by Dan Ward
I expect today’s Supreme Court decision striking limits on individual donations to political campaigns will draw a lot of attention.
Any decision regarding campaign finance in today’s hyper-partisan political environment leads the networks and blogs into a state of frenzy (Will it take Flight 370 off the CNN home page? Here’s hoping.).
The decision holds that “Congress may not regulate contributions simply to reduce the amount of money in politics, or to restrict the political participation of some in order to enhance the relative influence of others.”
My take? I support the decision. Limiting the influence of big-money donors may be a laudable goal, but not if it abridges the rights afforded to citizens under the First Amendment.
As Chief Justice Roberts writes in his opinion, “Money in politics may at times seem repugnant to some, but so too does much of what the First Amendment vigorously protects. If the First Amendment protects flag burning, funeral protests and Nazi parades – despite the profound offense such spectacles cause – it surely protects political campaign speech despite popular opposition.”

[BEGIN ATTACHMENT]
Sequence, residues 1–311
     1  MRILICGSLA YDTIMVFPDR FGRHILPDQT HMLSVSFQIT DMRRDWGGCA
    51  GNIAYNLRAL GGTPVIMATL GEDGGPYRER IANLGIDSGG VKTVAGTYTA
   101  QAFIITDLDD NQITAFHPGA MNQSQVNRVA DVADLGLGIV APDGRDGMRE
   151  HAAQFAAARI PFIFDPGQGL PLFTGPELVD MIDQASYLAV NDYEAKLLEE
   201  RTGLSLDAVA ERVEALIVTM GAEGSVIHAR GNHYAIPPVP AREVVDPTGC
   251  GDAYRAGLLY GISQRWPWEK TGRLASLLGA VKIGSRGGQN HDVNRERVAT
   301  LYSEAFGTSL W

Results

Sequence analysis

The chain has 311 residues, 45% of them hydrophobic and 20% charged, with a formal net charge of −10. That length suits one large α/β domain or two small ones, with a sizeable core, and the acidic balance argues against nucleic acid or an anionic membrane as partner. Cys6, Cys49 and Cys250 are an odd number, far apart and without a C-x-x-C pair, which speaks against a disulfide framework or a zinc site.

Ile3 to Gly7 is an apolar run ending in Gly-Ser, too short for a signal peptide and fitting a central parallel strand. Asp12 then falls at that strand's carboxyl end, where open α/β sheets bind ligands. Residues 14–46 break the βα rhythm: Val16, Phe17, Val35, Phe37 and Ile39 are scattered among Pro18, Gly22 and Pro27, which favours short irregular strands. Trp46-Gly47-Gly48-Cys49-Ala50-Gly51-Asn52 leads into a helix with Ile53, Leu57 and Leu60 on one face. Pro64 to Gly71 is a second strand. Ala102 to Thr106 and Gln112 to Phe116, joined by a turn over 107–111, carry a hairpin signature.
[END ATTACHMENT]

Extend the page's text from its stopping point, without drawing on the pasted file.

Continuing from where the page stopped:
I’m in the business of helping people and companies express themselves, so it’s no surprise I support free speech rights. If a cause is important and people need help communicating their message, they shouldn’t be limited in what they can spend to seek counsel. We deal in the court of public opinion, but imagine if the same thinking that leads to limits in campaign spending were applied to the court of law … should big-money defendants not be allowed to spend unlimited amounts on their defense?
Some believe the public interest of limiting the influence of big-money donors outweighs the First Amendment concerns. Others may question whether this is even a First Amendment issue (Is a donation “speech?”).
What’s your opinion? Do you agree with the majority or with the dissenters who hold that “today’s decision eviscerates our nation’s campaign finance laws?”